Festival is, in its most basic sense, a day or period of celebration. To most of us today, festivals mean attending parties, eating good food especially sweets, lots of shopping, taking numerous photos and sending greeting cards to each other. Which is why, in this age of #celebrations, it is important to understand the relevance and the idea behind festivals.
While most festivals are of religious significance, there are quite a few festivals that belong only to a specific ethnic group, a region or sometimes even a country. Some are celebrated by us, because our parents and grandparents did, hence becoming a part of our childhood memories and thus staying with us. Then there are the festivals we celebrate, because our friends do, whether it’s a Hindu getting invited for Christmas celebrations at a friend’s house and helping with the Christmas tree decorations, or a Christian having a plate of mutton biryani and celebrating Eid. Thus, in a way, festivals are a time for crossing the boundaries we have built in our society, of region, religion and even age group.
The festival of Dussehra, celebrated at the end of Navratri every year, is one such festival, that despite being a religious one, is also in way significant to everyone, because of the message it conveys. Dussehra or Vijayadashami as some people call it, in its most basic sense, is the celebration of good over evil. After the nine days of Navratri, during which devotees pray to the three most powerful goddesses, Kali, Lakshmi and Saraswathi, comes Vijayadashami – the day of victory. In a purely mythological or religious sense, this ‘victory’ refers to the victory of Shri Ram (the avatar of Hindu God Vishnu), over the demon king of Lanka, Ravan. That is why, during Dussehra celebrations, effigies of Ravan, Kumbhkarn and Meghnath are burned, every year. Also, Goddess Durga or Kali, is said to have defeated the demon Mahishasur on this day. To mark this, in some parts of India, after Durga Puja, the idols of Goddess Durga is immersed in a river or sea, a practice called visarjan.
Mahishasur, who after years of penance, was blessed by the God Brahama that no man or God will be able to kill him. Mahishasur thought that this meant immortality and infinite power for him. But he was evil, and evil will always be defeated by good. Thus the Goddess Durga came into being, with 10 hands and the powers of all the Gods put together. She could defeat Mahishaur, being a woman, a loophole to the blessing that he had received. Hence, in a way, this festival also is about the power of women, especially since, it comes right after the nine days of Navratri pooja, where the Goddess of shakti, prosperity and knowledge are prayed to. Girls and women are given importance to during these days, and in many households, they are given special gifts and sweets. Their feet are washed and then touched, as a mark of respect as well as to receive their blessings. Thus, Dussehra reminds us of the victory that took place, the demon that was defeated and above all the power of women.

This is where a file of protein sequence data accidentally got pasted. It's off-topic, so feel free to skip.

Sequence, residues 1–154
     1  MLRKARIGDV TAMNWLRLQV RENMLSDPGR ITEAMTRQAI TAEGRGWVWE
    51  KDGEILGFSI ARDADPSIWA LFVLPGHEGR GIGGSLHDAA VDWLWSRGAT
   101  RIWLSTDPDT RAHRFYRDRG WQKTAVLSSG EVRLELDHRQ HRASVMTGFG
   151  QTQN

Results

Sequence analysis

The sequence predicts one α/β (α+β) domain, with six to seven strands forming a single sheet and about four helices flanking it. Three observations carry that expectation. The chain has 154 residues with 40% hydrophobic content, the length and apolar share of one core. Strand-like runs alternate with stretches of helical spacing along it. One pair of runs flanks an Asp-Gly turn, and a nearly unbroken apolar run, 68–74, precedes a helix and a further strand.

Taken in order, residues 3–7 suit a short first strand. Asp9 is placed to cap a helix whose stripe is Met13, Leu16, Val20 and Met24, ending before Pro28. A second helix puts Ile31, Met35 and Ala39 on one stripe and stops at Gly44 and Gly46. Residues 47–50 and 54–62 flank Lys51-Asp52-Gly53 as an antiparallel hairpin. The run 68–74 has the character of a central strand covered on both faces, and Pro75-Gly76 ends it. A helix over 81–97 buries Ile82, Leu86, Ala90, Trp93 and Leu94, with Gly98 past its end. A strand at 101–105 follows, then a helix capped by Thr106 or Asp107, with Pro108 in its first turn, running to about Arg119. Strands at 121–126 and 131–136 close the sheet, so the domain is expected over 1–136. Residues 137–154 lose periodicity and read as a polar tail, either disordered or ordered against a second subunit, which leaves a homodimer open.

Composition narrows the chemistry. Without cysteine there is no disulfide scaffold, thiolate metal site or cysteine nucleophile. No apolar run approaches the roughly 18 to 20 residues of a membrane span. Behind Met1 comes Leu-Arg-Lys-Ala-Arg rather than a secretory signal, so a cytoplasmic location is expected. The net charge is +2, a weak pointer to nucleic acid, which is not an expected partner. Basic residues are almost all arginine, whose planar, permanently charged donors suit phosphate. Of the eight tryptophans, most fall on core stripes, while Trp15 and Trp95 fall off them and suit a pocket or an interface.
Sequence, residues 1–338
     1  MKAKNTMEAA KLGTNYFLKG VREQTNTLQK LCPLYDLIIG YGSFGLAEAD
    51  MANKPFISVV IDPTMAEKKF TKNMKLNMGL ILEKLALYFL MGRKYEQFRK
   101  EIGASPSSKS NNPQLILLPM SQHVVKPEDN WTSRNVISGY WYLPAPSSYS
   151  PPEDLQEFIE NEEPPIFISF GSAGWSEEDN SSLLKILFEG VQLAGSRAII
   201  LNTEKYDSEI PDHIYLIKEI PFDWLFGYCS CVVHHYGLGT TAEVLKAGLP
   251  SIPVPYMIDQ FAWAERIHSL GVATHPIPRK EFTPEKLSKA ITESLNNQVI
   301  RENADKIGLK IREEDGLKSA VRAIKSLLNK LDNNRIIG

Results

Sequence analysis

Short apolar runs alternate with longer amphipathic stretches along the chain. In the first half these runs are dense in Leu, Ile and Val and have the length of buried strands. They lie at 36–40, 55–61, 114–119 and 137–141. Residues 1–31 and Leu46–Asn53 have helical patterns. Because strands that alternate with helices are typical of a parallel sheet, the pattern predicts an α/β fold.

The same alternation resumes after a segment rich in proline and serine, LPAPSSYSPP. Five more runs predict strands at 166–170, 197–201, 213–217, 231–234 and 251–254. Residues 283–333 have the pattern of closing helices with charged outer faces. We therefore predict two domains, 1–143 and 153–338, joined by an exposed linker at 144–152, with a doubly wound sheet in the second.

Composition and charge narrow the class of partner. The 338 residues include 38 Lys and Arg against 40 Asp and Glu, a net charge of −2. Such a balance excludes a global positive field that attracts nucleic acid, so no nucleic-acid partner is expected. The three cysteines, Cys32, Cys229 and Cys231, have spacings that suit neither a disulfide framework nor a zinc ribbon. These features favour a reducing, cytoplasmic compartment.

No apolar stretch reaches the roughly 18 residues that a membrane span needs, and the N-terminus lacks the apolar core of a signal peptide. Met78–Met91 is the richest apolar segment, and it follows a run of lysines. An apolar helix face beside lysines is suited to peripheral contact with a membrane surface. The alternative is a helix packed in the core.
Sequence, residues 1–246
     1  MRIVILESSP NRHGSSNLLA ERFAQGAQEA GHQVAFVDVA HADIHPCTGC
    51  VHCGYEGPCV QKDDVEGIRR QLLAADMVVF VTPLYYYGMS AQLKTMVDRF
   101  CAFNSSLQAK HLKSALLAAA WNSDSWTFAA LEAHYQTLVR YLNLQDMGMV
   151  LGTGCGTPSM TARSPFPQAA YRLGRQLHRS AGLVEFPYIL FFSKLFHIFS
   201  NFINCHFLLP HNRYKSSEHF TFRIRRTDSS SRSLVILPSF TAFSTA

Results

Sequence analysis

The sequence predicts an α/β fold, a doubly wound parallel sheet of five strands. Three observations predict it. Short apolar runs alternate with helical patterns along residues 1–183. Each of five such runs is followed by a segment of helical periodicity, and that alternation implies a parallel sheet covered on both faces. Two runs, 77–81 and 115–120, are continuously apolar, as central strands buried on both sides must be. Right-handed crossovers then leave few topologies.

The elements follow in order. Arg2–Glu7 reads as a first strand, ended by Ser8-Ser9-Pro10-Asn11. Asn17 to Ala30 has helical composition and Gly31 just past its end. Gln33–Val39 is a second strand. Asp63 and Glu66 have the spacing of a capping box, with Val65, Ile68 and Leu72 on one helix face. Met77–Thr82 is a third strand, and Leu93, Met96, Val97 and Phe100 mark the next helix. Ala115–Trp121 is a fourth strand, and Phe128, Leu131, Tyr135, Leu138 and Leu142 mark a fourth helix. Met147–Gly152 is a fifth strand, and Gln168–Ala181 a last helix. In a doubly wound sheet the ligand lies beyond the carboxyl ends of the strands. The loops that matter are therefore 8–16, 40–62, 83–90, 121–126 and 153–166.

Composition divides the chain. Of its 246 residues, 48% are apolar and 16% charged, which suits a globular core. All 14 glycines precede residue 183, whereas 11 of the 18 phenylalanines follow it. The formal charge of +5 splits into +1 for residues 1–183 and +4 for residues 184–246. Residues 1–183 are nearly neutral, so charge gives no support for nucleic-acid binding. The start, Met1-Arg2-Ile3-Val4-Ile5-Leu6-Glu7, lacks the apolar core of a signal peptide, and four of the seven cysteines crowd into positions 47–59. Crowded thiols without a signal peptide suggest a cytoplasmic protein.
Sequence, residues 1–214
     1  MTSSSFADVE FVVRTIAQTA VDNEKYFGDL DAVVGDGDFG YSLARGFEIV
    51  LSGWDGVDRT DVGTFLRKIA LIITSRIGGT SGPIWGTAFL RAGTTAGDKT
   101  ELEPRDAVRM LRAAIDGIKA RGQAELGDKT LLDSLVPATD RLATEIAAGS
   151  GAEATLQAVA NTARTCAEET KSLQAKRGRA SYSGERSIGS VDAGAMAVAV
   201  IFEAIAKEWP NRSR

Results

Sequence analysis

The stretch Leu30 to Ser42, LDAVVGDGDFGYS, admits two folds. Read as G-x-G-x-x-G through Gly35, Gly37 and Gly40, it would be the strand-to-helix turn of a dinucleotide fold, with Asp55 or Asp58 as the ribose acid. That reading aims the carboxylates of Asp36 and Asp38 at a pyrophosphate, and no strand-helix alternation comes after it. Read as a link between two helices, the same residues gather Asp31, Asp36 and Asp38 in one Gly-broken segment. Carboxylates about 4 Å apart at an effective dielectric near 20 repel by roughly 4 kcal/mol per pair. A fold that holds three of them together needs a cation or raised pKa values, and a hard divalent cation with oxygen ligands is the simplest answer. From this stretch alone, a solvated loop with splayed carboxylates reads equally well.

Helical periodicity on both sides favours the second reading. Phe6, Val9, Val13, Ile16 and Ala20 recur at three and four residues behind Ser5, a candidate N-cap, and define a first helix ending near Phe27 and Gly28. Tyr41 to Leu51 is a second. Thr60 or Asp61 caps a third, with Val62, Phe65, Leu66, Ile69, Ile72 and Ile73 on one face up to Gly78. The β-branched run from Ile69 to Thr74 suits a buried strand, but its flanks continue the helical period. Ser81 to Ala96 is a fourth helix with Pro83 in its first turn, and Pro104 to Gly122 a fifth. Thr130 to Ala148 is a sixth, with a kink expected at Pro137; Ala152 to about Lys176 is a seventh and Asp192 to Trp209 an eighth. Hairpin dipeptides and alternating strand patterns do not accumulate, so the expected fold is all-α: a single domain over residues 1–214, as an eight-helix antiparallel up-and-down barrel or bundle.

Similarly, there is another the message it conveys. The message of the victory of good over evil. Shri Ram symbolizes Goodness while Ravan signifies Ego and Evil. This victory is thus in the emotional level, or rather in our minds. Of love, peace and righteousness over lust, greed and ego. Dussehra comes every year, to remind us, that good always wins. Even if take years, and there is a long path of troubles and trials, in the end, if we stick to what is right, then we can conquer the anything, 10 heads or not.
As the African Proverb goes, ‘when there is no enemy within, the enemies outside cannot hurt you’. As long as we realize that, and defeat the bad thoughts present in our minds, we will be the best version of ourselves and hence be ‘victorious’.
Each festival we celebrate, have their own meanings and significance. Therefore, the next time one is celebrated, if we take time and effort to understand it’s relevance, we will be able to not only appreciate it more, but we will also become better individuals and a better community.
Author Bio : Sarika Manoj, 14 years old girl from Dubai, U.A.E . The Second Winner of The International Essay Competition , October (School Level,Win a trophy, e-certificate and 10$ gift coupon ).